09/14/2014 12:33 pm ET Updated Sep 15, 2014

Newspaper Apologizes For Offensive Cartoon Comparing Airplanes To Slave Ships

Lancaster Online

A Pennsylvania newspaper has apologized for an editorial cartoon that compared modern-day air travel to the so-called "Middle Passage" -- the trans-Atlantic leg of the slave trade that involved transporting captive Africans to the Americas to be sold into bondage.

The now-deleted cartoon, which ran in the Lancaster New Era last Saturday, drew a parallel between the hellish conditions under which African men, women and children were forcibly transported to the Americas and the present-day problem of uncomfortable seating on airplanes.

John A. Kirkpatrick, the president of Lancaster Newspapers, and Barb Roda, the company's executive editor, issued a statement Thursday, writing that they were "deeply sorry" for publishing the cartoon and ensuring readers that they would "promise to do better."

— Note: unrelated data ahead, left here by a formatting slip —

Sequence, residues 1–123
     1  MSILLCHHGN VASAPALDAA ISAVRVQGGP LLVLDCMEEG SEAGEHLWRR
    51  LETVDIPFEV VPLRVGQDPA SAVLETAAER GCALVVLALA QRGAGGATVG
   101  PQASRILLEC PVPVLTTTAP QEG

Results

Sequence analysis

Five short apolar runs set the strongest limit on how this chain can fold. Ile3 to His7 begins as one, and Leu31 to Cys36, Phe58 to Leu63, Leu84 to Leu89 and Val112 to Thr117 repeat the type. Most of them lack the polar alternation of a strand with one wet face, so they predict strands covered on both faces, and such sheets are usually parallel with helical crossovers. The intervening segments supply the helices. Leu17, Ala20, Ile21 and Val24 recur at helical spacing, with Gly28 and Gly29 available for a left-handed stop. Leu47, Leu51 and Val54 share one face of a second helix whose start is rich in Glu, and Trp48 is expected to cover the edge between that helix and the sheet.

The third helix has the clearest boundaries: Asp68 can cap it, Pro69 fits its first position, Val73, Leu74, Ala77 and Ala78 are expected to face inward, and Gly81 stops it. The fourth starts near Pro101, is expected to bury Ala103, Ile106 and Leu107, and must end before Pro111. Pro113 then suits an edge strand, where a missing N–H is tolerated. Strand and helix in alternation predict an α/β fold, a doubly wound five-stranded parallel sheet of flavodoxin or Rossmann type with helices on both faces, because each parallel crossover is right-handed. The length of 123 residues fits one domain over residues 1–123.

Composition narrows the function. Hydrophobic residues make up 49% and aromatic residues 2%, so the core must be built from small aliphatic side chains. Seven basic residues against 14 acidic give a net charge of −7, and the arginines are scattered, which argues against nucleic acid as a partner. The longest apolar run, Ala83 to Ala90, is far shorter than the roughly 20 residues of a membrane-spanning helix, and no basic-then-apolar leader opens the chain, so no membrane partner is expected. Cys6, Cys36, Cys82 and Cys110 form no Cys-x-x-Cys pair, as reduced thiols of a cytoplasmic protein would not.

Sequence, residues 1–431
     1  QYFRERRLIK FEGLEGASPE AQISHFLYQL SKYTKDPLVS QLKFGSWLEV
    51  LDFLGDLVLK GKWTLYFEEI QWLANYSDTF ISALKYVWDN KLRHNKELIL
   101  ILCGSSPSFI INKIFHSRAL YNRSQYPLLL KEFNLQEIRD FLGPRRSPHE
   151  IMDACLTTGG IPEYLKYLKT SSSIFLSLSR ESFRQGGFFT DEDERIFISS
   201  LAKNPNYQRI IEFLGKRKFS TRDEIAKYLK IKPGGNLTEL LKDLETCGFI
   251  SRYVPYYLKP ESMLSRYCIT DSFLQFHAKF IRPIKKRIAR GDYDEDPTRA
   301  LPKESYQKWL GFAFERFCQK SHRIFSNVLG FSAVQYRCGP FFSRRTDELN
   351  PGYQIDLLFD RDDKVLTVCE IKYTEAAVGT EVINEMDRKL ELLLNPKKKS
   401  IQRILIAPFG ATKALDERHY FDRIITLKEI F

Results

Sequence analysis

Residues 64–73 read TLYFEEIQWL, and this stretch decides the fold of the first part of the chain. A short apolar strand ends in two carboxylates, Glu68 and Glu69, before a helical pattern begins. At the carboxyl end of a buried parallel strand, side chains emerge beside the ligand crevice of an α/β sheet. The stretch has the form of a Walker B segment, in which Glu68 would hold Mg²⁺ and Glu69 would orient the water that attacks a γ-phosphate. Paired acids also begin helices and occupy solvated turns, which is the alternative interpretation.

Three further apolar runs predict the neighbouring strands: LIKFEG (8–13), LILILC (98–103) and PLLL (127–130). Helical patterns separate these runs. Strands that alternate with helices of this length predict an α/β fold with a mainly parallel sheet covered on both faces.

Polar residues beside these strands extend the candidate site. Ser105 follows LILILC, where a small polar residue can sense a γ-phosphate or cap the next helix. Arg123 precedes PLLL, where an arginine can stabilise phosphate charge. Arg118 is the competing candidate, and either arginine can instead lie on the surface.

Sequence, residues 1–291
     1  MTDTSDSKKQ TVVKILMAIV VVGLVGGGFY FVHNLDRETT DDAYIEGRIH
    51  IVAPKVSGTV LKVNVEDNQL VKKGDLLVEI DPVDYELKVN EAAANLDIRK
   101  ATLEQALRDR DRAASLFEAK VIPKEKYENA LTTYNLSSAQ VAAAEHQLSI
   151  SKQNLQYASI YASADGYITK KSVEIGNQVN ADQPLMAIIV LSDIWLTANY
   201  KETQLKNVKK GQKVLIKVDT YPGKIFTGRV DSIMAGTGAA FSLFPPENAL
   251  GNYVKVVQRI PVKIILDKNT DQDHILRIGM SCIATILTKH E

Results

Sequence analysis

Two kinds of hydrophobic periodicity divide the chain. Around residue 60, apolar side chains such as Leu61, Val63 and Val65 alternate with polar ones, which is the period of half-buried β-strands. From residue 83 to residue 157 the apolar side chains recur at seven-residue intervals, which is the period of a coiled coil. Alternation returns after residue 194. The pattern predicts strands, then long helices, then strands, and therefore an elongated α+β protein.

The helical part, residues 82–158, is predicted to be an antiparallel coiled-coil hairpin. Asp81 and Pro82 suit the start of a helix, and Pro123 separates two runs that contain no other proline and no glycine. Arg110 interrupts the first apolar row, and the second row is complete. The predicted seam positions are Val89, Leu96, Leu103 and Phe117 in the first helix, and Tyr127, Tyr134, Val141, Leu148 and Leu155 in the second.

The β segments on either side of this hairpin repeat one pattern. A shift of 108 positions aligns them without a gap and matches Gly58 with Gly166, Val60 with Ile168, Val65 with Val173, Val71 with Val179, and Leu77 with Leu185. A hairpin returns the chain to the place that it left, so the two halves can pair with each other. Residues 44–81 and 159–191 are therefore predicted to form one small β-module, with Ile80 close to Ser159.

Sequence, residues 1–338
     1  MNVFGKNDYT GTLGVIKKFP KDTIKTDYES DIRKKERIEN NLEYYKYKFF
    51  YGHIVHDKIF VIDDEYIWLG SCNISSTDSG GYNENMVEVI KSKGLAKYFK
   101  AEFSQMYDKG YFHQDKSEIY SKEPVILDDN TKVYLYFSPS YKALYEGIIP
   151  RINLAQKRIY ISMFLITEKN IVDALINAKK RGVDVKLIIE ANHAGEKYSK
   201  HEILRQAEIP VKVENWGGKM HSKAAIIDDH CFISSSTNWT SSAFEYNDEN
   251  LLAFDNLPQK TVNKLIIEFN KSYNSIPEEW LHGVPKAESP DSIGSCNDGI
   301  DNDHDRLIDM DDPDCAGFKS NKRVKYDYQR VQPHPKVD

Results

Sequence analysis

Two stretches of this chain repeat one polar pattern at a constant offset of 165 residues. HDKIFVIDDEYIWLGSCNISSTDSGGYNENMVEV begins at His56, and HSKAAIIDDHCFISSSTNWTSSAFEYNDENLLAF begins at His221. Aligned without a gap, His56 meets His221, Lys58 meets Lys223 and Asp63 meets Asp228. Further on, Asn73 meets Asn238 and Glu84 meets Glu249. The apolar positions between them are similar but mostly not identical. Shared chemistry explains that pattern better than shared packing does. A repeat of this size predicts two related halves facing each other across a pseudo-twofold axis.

"To somehow link the inconveniences of air travel with slavery in general and the slave ships in particular was not only just plain wrong[,] it was deeply hurtful to our African American community and all those who understand the horrors inflicted on the men and women forced into the slave trade," Kirkpatrick and Roda wrote.

The paper also apologized on Twitter:

"The African Slave trade was our holocaust and to a majority of sane African Americans it is painful for us to even entertain," said an unnamed Lancaster County pastor quoted in the paper's apology.

It's not clear who drew the retracted cartoon. A post on the newspaper's Twitter account on Thursday said that the cartoon "was not drawn by someone on our staff, [but] the decision to run it on our pages was made here." [Update, Sept. 15: Astute HuffPost reader Chet Williamson has informed us that the cartoonist's name is Robert Ariail. The original cartoon can be seen here at Ariail's website.]

Read the full apology here.

(h/t The Guardian)